Reems says he had "made movies with Linda prior to Deep Throat, and Linda was never forced at gunpoint to do anything," remerging, angrily, that Lovelace had willingly appeared in "some films that I would never even think of being in", including early bestiality movies. "The name Linda Lovelace was invented, as was the name Harry Reems, and then she tried to catch a train to fame and it didn't work." Reems recalls that Lovelace "wasn't articulate, couldn't act, and so she went to all the Hollywood parties. So eventually to make money she joined the women's movement, anti-porn - 'I was forced at gunpoint' - and of course that lasted for a while, but when she couldn't make money doing that anymore, or when she wasn't a good interview anymore, she went right back to porn, or back to nudity. She was doing nude photographs at the end of her life and films with nudity. " As for Lovelace's literary account of that period in her now infamous book, Ordeal, "it was a total lie. But, she was a nice enough woman and sexually she was fun and when you look at the film you see this big smile, and I was on every set because I was the lighting director, not just the scenes I did, and nobody ever forced her to do anything."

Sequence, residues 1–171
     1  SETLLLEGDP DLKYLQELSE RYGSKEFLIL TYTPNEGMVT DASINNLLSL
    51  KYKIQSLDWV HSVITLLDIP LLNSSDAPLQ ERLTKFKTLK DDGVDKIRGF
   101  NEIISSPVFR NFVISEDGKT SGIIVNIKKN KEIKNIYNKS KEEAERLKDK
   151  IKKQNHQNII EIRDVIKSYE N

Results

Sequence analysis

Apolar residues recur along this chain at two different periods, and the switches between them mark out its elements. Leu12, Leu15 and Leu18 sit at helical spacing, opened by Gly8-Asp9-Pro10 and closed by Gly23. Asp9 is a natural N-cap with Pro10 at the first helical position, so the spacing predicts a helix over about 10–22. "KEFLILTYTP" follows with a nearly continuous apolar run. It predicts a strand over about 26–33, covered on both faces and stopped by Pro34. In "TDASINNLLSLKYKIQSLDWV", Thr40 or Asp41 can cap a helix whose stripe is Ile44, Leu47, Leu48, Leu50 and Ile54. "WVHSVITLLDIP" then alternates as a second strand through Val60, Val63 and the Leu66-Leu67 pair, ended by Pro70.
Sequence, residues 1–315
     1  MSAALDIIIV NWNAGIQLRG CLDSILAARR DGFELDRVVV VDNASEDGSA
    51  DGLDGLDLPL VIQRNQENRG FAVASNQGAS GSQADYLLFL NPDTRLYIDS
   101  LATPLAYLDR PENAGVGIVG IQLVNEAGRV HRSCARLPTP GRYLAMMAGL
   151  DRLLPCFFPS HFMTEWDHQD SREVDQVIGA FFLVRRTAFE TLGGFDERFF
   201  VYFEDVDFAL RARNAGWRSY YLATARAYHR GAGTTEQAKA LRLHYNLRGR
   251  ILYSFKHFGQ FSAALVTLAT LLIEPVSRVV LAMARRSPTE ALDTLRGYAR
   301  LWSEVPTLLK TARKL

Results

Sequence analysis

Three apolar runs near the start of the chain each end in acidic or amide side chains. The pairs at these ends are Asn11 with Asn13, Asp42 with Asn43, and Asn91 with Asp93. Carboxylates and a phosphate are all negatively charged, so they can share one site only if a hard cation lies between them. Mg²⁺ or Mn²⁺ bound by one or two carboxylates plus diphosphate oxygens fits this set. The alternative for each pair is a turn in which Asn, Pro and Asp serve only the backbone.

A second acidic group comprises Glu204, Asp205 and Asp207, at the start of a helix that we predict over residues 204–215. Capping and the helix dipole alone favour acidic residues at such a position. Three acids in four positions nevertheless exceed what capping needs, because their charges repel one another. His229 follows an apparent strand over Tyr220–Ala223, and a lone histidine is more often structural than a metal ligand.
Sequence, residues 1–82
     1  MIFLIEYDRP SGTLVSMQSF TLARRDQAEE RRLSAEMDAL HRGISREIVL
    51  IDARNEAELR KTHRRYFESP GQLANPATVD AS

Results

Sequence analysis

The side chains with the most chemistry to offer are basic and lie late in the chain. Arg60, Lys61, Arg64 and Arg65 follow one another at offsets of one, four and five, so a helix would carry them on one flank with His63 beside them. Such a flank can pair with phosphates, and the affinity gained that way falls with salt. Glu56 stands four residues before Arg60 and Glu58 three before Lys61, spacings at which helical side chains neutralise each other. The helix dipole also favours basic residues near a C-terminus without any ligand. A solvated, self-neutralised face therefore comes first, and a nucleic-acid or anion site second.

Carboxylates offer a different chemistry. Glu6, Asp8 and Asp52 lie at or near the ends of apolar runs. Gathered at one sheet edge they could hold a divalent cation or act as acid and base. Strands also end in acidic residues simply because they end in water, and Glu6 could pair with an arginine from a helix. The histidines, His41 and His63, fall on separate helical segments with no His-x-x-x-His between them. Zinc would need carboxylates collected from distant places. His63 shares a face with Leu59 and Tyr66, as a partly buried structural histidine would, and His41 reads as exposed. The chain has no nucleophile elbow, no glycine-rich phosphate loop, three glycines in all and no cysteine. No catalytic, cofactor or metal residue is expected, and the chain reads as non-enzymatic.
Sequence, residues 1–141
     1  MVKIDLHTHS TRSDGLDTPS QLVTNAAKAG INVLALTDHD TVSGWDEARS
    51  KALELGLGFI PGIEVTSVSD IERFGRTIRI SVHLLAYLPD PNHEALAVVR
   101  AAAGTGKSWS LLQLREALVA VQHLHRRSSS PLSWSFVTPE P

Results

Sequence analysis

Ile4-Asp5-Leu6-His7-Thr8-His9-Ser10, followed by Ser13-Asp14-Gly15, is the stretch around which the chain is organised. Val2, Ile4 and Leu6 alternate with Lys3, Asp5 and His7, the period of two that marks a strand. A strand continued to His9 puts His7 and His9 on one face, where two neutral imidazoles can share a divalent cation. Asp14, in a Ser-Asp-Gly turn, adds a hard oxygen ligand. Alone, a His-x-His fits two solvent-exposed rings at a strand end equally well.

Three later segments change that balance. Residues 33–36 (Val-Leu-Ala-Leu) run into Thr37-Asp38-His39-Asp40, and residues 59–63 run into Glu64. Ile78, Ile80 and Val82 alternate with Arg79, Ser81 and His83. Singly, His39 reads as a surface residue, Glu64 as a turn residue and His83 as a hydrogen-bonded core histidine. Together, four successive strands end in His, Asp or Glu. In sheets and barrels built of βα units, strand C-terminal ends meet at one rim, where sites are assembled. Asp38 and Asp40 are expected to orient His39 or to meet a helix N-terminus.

Deep Throat would emerge as more than just a porn film, a theme explored in the Inside Deep Throat documentary. Reems says that nothing could have prepared him for the effect that little film would have on America's burgeoning sexual revolution. "I was totally shocked, and I think I now know the reason," says Reems. "Deep Throat was the first film to say that it held no social redeeming value; we are going for straight out burlesque comedy, and just have fun. Of course it caught the attention of a few celebrities, the word of mouth spread and the government started to prosecute it because it was becoming famous, which only led to more people going to the theatres. So, the Justice Department basically made the film succeed." And succeed it did, raking in the money and turning pornography into a virtual legitimate and almost respectable art form. While Deep Throat would emerge as the most profitable film of all time, life for Harry Reems would also undergo a dramatic change. Initially, the world post-Deep Throat was still his oyster. "After Deep Throat's fame I did a few more porno movies, but instead of getting 100 bucks like all of the others I was getting 3, 4, 5-thousand a day. They just wanted my name n the, on the poster and theatre marquees. Reems even got offered adult films in Europe, "so I made several films in Germany which were shoot-em-ups or gangster movies" Then, Reems' world began to slowly unravel. "I came home for a couple of weeks to do my laundry, say hello to friends, before I started another movie in Rome and I got arrested for Deep Throat. The FBI came to my door in the middle of the night, handcuffed me, and took me to the New York courts." While much of this is discussed in the documentary, hearing the actor's recounting of this entire incident, remains an eye-opener, with the whole Deep Throat case emerging as one of the most damaging trials of the 1980s. "They told me to waive extradition, that I'm going to Memphis, Tennessee to stand trial for distributing a movie," recalls an emotional Reems, who understand why he was going on trial for distributing the movie, referring to it as a conspiracy. "If you have knowledge of a crime in the United States and you don't legally disavow and destroy that crime you're held responsible for it. So, I knew the film was in distribution, but what I didn't know was that there was going to be eight members of the Columbo organized crime family, that I was on trial with. I think the prosecutor was trying to do nothing more than get some press and bring his trial to the attention of the public and maybe build up his name. What he didn't realise was I went and got more press. This was the first time an artist acting - first time an artist of any kind was being prosecuted by the federal government. There were new laws and new obscenity statutes in 1981 and they went back to the '76 statutes, and then the broadest use of the conspiracy laws in the history of the United States." Tearfully, Reems recounts going through this trial, every day listening about murders, "about money going in suitcases and the street fights between two families over the proceeds." It was then, that Reems began drinking heavily, as the trial began to bear its tole. " I was told by Alan Dershowitz, who is a law professor up at Harvard, that if the republicans were re-elected I'm going to jail but if the democrats get into office I'd be Scott-free. Of course, Dershowitz knows a lot of people in Washington so I got calls from Ramsey Clark, who is a past Attorney General from the '60s, during the Kennedy era. I got calls from Eugene McCarthy saying, 'Harry, don't worry, if we take the White House we're letting you go', because I'd be crying to Dershowitz because I was scared. I mean, I didn't commit any of those murders. I didn't steal that money. I didn't do those things to those people. I didn't even know it was obscene. It was nothing more than to try to take attention away from his Watergate fiasco." Reems did not go to jail, but his life was a shambles. "I became a real low-bottom drunk and stopped doing movies." He tried to segue into straight acting, was offered the role of the coach in Grease, but the stigma associated with his past, put a stop to that weeks prior to filming. Reems' old Hollywood pals Nicholson and Beatty had deserted him, and all he had, was the solace of the bottle. "I was getting worse and worse as a drunk and was in a hospital in New York city for 32 days, and over the 32 days some friends came by to visit and all of them said 'I don't want to see you again. You look like your 90 years old and you look like you're going to die, and that's a shame, Harry, you're too nice a person, too good a person. You need to stop drinking'. When they released me from the hospital, I had asked for quarters for the telephone from my friends, but I went and bought a bottle of vodka. I woke up six or seven days later in Los Angeles County jail with excrement in my pants and sleeping in my vomit, and had no idea how I got from New York to L.A. I had no money, I was panhandling in the streets and so I went to a meeting, a program of recovery. I went to a 12-step meeting where I'm told other alcoholics learn how not to drink." Reems pauses, sighing at the memory. "I walked in the building and got arrested by the police officers. It was in city hall where the police department was, and the meeting was taking place in the same building and I got arrested. It seems I had three or four warrants out for me. I got to Park City in '86 and I didn't get sober until '89. I guess there was vagrancy and lewdness, breaking and entering, you know I'd walk into somebody's door and sleep on their living room couch. I didn't know who they were. They'd wake up and see this person and they'd call the police. So, the police officer very kindly said, 'Go to that meeting, you need it, but come out of that meeting and come right back here because I've got four warrants out for your arrest. Do you promise me you'll come back here?', and I said 'Yes, I just wanna go see what these people do, how this things works'. And, I walked back out after the meeting and he put the handcuffs on me and we... our jail is up at the County seat about twenty minutes away, and this officer, said to me, 'Harry, if you could only get sober, if you could only fix this problem, you have no idea how many people you could help, how many lives you can save, how valuable your life could become', and nobody had ever told me I could be of any value. I spent that week in the jail, I paid my fines. I got sober. I went to 20 or 30 meetings a week in Park City and Salt Lake." Reems was finally determined to put the past behind him. "It took a long time for me to learn how to sleep again, have bowel movements, to keep food down, because I was the kind of alcoholic that seizured and had DT's, and eventually it went away. Eventually that program taught me how to love myself, how to be a help to others, how to find God in my life, and I found God in those rooms. Today I live a very honest and loving life." The former Jewish kid from Manhattan is now a born again Christian, living a quiet, but successful life in Park City. "I have a wonderful marriage, a beautiful home, a very successful business, and I still go to those rooms and still go to those meetings." Reems would have been more than happy to go about his business and let the past take care of itself. Until recently, Harry had never discussed his past, declined all interview requests and preferred to live the life of an entrepreneur in this ski resort. Then he was contracted about a new film being made, a documentary on a time that he would rather forget. "I was ready to say no. Over the twenty years since I had done my last film, and living here in Park City, I have 3, 4, 5 times a week somebody wanting to do an interview with me, or would I come out and do this talk show, or you know, let's do your life story as a movie of the week - lots of comedy, sex, drugs, rock and roll - and I had been through this horrible experience, so I never wanted to tell that story. When I met directors Fenton Bailey and Randy Barbato and they were out here at Sundance three or four years ago, we sat down and we met and they said 'what's your fix'. I mean, I had refused to do interviews. I had refused to do anything. But, when he mentioned Brian Grazer's name it perked my ears and I wanted to know what direction the film is going in." The directors' response was 'we won't know until we get the footage shot'. But, they saw it as taking Deep Throat and using it as a thread to show the social, cultural change in America that took place in the last 60's and the 70's and 80's, and they were going to tie that all together. "I said 'well, do you know about me being a drunk' and they said 'it's a wonderful story of redemption'. I said THAT'S the story I'd be willing to tell, and so I agreed to cooperative, to be in the film, and I'm very impressed with the final product" Surprisingly, Reems insists, watching the documentary for the first time at Sundance, did not bring back any unwanted memories. "I have a new life now. They flew my wife and I out to L.A. about two weeks ago to see a rough cut and to ask if I would participate in a promotion and I said, well, let me see the film and, I was quite pleased. I mean, they had things in the movie that I didn't even know about." Reems says the film didn't touch the surface but it what it set out to do. "I mean, they didn't go into any great depth about the mafia, they didn't go into great depth about my journey, but they did go into depth about the sexual revolution that took place in America in the 60's, and I was right in the middle of it all - in the East Village, a hippie, in the late 60's, Mama Cass, Jimi Hendrix, all of them, Janis Joplin, the bell bottoms and the crazy hair and the free love, and I came from such a repressed Jewish background. You bet I became a hippie - even though I got caught up in it and the next thing you know I'm a voice. But this movie is factual, accurate, in-depth and it really captures the world as it was, that world as it really was, and I'm proud to be a part of it, I really am. I never thought I'd come out the hero, or that they would use me as the redemptive sort of angle in the movie." For Reems, Inside Deep Throat remains but a memory, the glare of the spotlight has once again dimmed, and Harry Reems says that he looks forward to returning to reality. "On Tuesday morning I have a listing appointment to list a house." Reems is more than happy being a real estate broker, finally saying, laughingly, "if you love your work you're not working." Charles Dickens once wrote, 'They were the best of times, they were the worst of times.' It's a fitting prologue to the life and times of Harry Reems, actor, porn star, alcoholic and gentleman capitalist. He hopes the documentary and the recently announced re-release of that original porn classic, will remind us of an era that forged a revolution and the beginning of one of the more unique film industries in Hollywood history.